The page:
Tourists escape flash floods in Death Valley;  roads to remain closed for days

Tourists escape flash floods in Death Valley; roads to remain closed for days

Hundreds of hotel guests caught by flash flooding at Death Valley National Park were able to drive off after crews cleared a path through rocks and mud, but roads damaged by floodwaters or clogged with debris were expected to remain closed into next week, officials said Saturday .

The National Park Service said Navy and California Highway Patrol helicopters are conducting aerial searches in remote areas for stranded vehicles, but none have been found. However, it could take days to assess the damage – the park near the California-Nevada state line has more than 1,000 miles of road across 3.4 million acres.

No injuries were reported from Friday’s heaviest rains on record. The field weathered 1.46 inches of rain at the Furnace Creek area. That’s about 75% of what the area usually receives in a year, and more than ever recorded for the entire month of August.

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In this photo provided by the National Park Service, cars are stuck in mud and debris from flash flooding at The Inn at Death Valley in Death Valley National Park, California, Friday, Aug. 5, 2022. Heavy rain triggered flash flooding that closed several roads in Death Valley National Park on Friday near the California-Nevada line. The National Weather Service reported that all roads in the park were closed after 1 to 2 inches of rain fell in a short amount of time.

National Park Service via AP


Since 1936, the only day with more rain was April 15, 1988, when 1.47 inches fell, park officials said.

Nikki Jones, a restaurant worker who lives in a hotel with fellow employees, said it was raining when she left for breakfast on Friday morning. By the time she returned, the water was pooling rapidly after reaching the bedroom door.

“I couldn’t believe it,” Jones said. “I’ve never seen water rise so fast in my life.”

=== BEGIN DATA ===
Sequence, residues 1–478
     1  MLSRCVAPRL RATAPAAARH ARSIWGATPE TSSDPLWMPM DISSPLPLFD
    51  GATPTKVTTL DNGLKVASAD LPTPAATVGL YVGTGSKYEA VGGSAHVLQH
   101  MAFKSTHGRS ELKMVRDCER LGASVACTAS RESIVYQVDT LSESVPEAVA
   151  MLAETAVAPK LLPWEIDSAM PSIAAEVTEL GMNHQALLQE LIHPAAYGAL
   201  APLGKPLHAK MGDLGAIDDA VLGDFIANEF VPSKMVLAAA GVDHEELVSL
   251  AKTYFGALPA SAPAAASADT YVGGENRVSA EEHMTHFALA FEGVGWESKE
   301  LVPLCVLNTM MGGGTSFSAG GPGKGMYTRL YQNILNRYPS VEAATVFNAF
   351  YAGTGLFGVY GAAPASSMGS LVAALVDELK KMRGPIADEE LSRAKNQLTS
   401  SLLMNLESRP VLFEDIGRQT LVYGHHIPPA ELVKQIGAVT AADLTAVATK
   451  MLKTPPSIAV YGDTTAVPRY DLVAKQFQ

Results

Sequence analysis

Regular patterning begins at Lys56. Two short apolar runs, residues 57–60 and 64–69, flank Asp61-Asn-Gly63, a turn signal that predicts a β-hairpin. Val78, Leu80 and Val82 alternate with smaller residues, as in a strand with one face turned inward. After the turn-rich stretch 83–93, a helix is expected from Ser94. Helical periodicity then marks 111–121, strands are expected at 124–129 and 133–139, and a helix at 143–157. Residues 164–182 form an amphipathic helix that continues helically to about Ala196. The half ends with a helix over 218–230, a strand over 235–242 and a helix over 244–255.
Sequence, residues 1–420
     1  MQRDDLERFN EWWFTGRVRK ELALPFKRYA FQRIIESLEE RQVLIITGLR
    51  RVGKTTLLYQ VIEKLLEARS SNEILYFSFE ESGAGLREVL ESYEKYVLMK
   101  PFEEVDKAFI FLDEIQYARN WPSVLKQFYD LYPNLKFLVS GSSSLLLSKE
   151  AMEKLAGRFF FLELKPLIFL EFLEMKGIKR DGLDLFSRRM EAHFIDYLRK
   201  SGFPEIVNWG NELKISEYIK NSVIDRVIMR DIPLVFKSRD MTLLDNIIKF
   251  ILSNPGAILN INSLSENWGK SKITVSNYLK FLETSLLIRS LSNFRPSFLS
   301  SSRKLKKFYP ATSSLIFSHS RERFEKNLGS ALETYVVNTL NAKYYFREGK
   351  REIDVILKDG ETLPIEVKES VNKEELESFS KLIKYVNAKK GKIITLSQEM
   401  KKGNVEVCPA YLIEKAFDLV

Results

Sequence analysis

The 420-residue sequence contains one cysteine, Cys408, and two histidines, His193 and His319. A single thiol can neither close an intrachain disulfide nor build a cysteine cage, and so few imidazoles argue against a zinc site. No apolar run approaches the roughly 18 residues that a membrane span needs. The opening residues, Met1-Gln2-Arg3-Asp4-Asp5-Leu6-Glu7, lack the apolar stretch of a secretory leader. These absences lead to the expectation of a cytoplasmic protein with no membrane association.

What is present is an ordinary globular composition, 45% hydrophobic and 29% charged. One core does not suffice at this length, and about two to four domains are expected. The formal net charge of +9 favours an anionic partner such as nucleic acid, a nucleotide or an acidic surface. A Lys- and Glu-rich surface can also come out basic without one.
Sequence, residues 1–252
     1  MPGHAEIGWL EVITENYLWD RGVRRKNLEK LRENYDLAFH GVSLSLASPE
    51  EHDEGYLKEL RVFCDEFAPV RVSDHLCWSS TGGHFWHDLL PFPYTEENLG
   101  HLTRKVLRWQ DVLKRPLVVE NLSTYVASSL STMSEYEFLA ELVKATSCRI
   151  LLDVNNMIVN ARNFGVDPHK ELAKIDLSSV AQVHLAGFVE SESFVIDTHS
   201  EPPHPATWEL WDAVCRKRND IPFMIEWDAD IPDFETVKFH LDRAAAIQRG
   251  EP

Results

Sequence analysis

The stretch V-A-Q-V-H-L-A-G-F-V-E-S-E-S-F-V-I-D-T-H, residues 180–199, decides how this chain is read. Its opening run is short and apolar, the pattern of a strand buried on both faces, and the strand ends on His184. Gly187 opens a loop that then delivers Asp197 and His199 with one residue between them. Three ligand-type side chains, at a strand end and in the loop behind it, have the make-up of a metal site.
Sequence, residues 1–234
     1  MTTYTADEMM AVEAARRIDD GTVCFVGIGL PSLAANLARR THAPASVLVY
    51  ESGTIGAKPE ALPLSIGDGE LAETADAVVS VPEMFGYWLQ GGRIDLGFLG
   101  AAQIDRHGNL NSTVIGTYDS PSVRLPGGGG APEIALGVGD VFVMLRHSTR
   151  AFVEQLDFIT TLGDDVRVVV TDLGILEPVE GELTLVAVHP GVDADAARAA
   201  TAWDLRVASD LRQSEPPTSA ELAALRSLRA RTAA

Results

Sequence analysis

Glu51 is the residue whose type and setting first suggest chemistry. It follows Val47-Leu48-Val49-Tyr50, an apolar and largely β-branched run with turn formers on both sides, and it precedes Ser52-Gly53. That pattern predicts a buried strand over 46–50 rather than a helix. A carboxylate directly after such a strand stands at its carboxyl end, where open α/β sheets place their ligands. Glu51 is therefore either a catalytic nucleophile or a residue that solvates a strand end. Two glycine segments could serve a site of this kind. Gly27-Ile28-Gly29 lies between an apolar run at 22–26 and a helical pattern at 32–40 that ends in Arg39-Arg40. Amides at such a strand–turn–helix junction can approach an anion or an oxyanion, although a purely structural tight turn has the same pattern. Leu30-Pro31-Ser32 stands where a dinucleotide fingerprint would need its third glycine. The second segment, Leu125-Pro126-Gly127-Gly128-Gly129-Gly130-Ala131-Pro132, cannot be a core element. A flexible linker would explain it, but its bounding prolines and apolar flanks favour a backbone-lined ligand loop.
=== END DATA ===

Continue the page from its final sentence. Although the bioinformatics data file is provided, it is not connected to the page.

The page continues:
In case the water came into her room on the ground floor, Jones and her friends put their luggage on beds and used towels at the bottom of the door to keep water from flowing in. For two hours, they wondered if they would be under water.

“People around me were saying they’ve never seen anything this bad before – and they’ve worked here for a while,” Jones said.

Although her room was saved, five or six other rooms in the hotel were flooded. These rooms were later carpeted.

Most of the rain — just over an inch — came in an epic downpour between 6 a.m. and 8 a.m. Friday, said John Adair, a meteorologist with the National Weather Service in Las Vegas.

The flood “cut off access to and from Death Valley, but washed out roads and produced a lot of debris,” said Adair.

Highway 190 — a main artery through the park — between Furnace Creek and Pahrump, Nevada, is expected to open by Tuesday, officials said.

Flash flooding leaves hundreds stranded in Death Valley National Park
Flash flooding damages a road in Death Valley National Park, located on the California-Nevada border. August 5, 2022.

National Park Service


Park employees stranded by the closed roads are continuing to shelter in place, except in an emergency, officials said.

“All the trees and boulders were washing down,” said John Sirlin, a photographer for an Arizona-based adventure company who saw the flooding while sitting on a boulder on a hillside, where he was trying to capture pictures of the lightning. take as the storm approaches.

“The noise from some of the rocks coming down the mountain was just incredible,” he said in a phone interview Friday afternoon.

In most areas water has receded, leaving behind a dense layer of mud and gravel. About 60 vehicles were partially buried in mud and debris. There were many reports of road damage, and residential water lines in the Cow Creek area of ​​the park were broken in several places. About 20 palm trees fell onto the road near one guesthouse, while several staff houses were also damaged.

“With the intensity and widespread nature of this rain it will take time to rebuild and reopen everything,” park superintendent Mike Reynolds said in a statement.

The storm followed severe flooding earlier this week in the park 120 miles northwest of Las Vegas. Several roads were closed Monday after being inundated with mud and debris from flash floods that also hit western Nevada and northern Arizona.

It started raining Friday around 2 a.m., according to Sirlin, who lives in Chandler, Arizona, and has been visiting the park since 2016.

“It was more extreme than anything I’ve seen out there,” said Sirlin, the lead guide for Incredible Weather Adventures who began chasing storms in Minnesota and the high plains in the 1990s.

“There were a lot of washes running several feet deep. There’s probably 3 or 4 feet of rocks covering the road,” he said.

Meanwhile, heavy rain also fell in Las Vegas, where Water poured into casino ceilings.

Several other national parks have experienced major flooding this summer. In June, saw Yellowstone historic flood levels which washed away many of the park’s roads and forced the evacuation of tourists. Some of the roads are still closed for repairs.

The National Park Service said climate change is affecting most of its properties and surrounding towns — from rising sea levels in Florida’s Everglades to drought-fueled fires in California’s Yosemite.

Elsewhere, parts of Kentucky were hit by floods at the end of July. At least 35 people died, and hundreds lost their homes.

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